For contractive principal mappings on lattices of powersets, we have the following.

Proposition 32. A mapping is a contractive principal mapping if and only if there exists a subset of such that for all .

Proof. Assume that is a principal mapping that is also contractive. By Theorem 29, there is a subset of and an injective mapping such that for all . Since is contractive, for any ,   which implies that for all . Hence,   for all .

Problem 33. Determine the complete lattices such that for any contractive principal mapping , there is an element such that for all .

Recall that a chain is a poset in which every two elements are comparable.

Theorem 34. Let be a chain and let be a mapping. Then, the following statements are equivalent.
(1)   is a principal mapping.
(2) is a meet principal mapping and, for any ,   and imply that for all .
If   does not have a bottom element, then (2) is equivalent to the following.
(3) is a meet principal mapping that is strictly monotone.

Proof. (1) implies (2). Let be principal and let be its residual. Suppose such that and . Clearly, for any with  , .
If there exists a   such that , and , then, as is monotone, we have , which implies that ; hence, . Thus, . So there exists such that . Then, , so , which contradicts . Hence, for all , we have .
(2) implies (1). We only need to show that is join principal. Let be the upper adjoint of . For any , let . Then, . If , then (note that, for any adjunction and ), which contradicts . Hence, . Also, if , then which contradicts again. It follows that since is a meet principal mapping. There exists such that . Hence, = = .
We now show that . For this, we only need to show as always holds. Suppose ; then . As and , so by the assumption in (2), , a contradiction. It follows that and . Thus, and so is join principal. Hence, is principal.
Now assume does not have a bottom element and that (3) implying (2) is trivial.
(2) implies (3). Suppose is not strictly monotone. Then, there exist , , such that . Without loss of generality, assume that . By (2), for all , . Since does not have a bottom element, there exists such that . So, since is a meet principal mapping. Thus, there exists such that . But then , and we have , which contradicts . Hence, must be strictly monotone.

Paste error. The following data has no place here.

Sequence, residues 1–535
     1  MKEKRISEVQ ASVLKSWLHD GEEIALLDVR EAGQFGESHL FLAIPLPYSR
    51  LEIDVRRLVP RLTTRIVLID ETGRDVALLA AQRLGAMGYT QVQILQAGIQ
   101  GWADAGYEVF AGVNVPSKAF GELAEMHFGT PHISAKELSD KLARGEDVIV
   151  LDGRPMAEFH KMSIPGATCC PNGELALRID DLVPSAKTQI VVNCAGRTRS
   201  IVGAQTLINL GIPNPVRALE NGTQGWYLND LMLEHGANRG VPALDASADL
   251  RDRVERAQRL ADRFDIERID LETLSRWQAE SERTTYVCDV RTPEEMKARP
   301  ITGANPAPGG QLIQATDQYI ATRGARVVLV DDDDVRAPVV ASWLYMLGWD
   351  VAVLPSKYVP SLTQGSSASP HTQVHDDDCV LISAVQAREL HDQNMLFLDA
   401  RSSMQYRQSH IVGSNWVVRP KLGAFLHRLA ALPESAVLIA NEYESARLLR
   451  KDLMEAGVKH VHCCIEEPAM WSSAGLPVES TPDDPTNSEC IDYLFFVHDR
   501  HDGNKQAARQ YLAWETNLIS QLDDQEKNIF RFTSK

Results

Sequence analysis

Let be a finite chain where . For each , , let be the mapping given by , . Then, using Theorem 34, one can verify that is a principal mapping. Conversely, if is a principal mapping, then  , where  .

Corollary 35. For any chain with elements, there are exactly principal mappings .

One of the main tasks we are interested in is to determine all the principal mappings   where   is the lattice of ideals of a commutative ring .

Corollary 36. For any prime and , there are exactly principal mappings ( denotes the ring of integers modulo ). Thus, for every principal mapping , there exists   such that , where for any .

Proof. is a principal ideal domain and there are exactly ideals forming a chain. So the first part follows from Corollary 35. For the second part, just note that each is principal and that for and implies that .

An element of a complete lattice is called a pseudoprincipal element if there is a contractive principal mapping such that  .

If is a principal element of a multiplicative lattice , then , so is pseudoprincipal. The proof of Corollary 35 also shows that every element in a finite chain is pseudoprincipal.

#### 5. Principal Mappings between Lattices of Ideals of a Principal Ideal Domain

We now investigate the principal mappings between the complete lattices of ideals of some special types of commutative rings, in particular, principal ideal domains. The main purpose is to identify those principal mappings that are defined by a principal ideal.

For any ideal of a commutative ring , the mapping given by for all will be called the mapping defined by. Note that is always a lower adjoint of the mapping defined by for any . By Proposition 9 (ii), is a principal mapping if and only if is a principal element of the multiplicative lattice .

Definition 37. A multiplicative lattice has the divisibility order if, for all   and   if and only if divides (i.e., for some ).
Recall that a cancellation ideal ring  is a commutative ring in which every nonzero ideal of is a cancellation ideal ; that is, whenever for any , and then . It is easy to see that the above condition that is equivalent to implies that .
Note that every principal ideal domain is a cancellation ideal ring and the corresponding multiplicative lattice has the divisibility order.

Theorem 38. Let be a cancellation ideal ring such that has the divisibility order. Then, is an injective principal mapping if and only if there is an order isomorphism and a nonzero principal element of such that .

Proof. Only the necessity needs verification because every isomorphism is a principal mapping and the composition of principal mappings is principal.